As you’ve no doubt heard, Bill McKibben and his allies at 350.org have launched a a national campaign to persuade colleges, universities, churches, foundations and, yes, people like you and me, to stop investing in the fossil fuel industry. The campaign raises interesting questions as, I’m sure, McKibben hoped it would. Among them:
Does divestment make sense as a strategy to curb climate change?
If those of us who are concerned about climate change want to align out investments with our beliefs, what options are available?
In a column called Deep Green Investing published last week by Ensia, a lively new online magazine about environmental solutions, I argued that, by itself, divestment will probably not accomplish much. Having said that, the campaign could prove useful as one of a number of tactics being deployed by 350.org, the Sierra Club and others that are aimed at bringing about political change–namely, taxes or caps on global warming pollutants, EPA rules to curb coal-burning, etc.
In The Nation, Mark Hertsgaard argues that these grass-roots climate efforts have already produced results–350.org galvanized opposition to the Keystone Pipeline, which may have persuaded President Obama to delay a decision after the election, and the Sierra Club’s Beyond Coal campaign has, along with cheap natural gas, helped drive the decline of coal in the US. Hertsgaard writes:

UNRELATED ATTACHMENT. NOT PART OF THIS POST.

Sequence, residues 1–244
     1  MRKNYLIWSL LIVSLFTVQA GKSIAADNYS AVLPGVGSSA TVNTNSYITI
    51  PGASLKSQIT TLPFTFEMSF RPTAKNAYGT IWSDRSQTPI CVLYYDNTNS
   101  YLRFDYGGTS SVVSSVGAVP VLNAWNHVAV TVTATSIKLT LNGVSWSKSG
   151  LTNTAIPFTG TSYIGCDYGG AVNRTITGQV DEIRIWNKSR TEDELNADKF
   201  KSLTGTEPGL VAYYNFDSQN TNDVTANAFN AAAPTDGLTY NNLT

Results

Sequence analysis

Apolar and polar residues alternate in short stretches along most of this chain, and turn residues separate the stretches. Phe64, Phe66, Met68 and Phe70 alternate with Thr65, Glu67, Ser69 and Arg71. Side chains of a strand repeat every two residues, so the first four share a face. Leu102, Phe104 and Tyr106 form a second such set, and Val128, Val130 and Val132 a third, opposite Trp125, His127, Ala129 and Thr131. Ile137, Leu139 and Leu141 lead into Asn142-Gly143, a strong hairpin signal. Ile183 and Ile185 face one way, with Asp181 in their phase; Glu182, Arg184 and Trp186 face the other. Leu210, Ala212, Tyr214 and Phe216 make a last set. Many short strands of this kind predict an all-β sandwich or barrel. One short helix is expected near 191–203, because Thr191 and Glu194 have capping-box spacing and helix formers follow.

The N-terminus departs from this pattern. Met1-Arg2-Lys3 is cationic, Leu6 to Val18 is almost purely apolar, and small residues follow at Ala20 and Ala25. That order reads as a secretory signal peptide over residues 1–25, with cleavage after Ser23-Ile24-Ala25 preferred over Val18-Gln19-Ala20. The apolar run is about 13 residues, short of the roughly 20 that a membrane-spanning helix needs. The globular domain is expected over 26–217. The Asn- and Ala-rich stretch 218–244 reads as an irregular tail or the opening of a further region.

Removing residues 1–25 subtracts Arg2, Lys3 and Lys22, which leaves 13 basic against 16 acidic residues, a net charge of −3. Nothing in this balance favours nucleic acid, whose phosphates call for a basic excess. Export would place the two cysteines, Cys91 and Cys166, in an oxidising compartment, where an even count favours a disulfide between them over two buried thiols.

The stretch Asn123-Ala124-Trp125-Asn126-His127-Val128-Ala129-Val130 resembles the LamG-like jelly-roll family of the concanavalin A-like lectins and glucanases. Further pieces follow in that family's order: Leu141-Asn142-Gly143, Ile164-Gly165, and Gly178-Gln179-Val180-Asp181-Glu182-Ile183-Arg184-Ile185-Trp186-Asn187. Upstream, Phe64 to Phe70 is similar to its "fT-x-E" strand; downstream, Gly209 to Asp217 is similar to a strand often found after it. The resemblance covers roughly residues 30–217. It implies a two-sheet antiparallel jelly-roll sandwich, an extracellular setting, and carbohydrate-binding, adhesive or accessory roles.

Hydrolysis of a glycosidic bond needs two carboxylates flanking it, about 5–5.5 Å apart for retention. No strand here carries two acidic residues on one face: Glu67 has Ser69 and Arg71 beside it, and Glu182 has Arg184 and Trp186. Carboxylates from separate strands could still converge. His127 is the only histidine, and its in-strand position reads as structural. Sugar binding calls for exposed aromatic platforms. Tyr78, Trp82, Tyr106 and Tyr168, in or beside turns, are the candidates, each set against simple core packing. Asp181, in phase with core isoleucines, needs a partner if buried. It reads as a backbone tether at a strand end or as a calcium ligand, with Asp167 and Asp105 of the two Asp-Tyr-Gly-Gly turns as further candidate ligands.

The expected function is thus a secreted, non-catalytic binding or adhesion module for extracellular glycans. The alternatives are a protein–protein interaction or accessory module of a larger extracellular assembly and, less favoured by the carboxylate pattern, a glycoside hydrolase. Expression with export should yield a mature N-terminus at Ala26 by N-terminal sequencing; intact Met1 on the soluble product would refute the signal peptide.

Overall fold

As important as the victories themselves was how they were won. Both the Sierra Club and 350.org eschewed the inside-the-Beltway focus and top-down political strategy of big mainstream environmental groups, as exemplified by the cap-and-trade campaign. Instead, they emphasized grassroots organizing at the local level on behalf of far-reaching demands that ordinary people could grasp and support. Their immediate goal was to block a specific pipeline or power plant, but their strategic goal was to build a popular movement and accrue political power.
This is the political context in which the divestment movement makes sense. It won’t shake up the oil industry–the Ensia story explains why–but it’s a useful organizing tool.
But what might the campaign mean for investors? Today, I’m taking a closer look at a couple of “deep green” broadly-diversified mutual funds that have decided, unlike most other funds that market themselves as green or socially responsible,” to cleanse their portfolios of companies that extract fossil fuels. [click to continue…]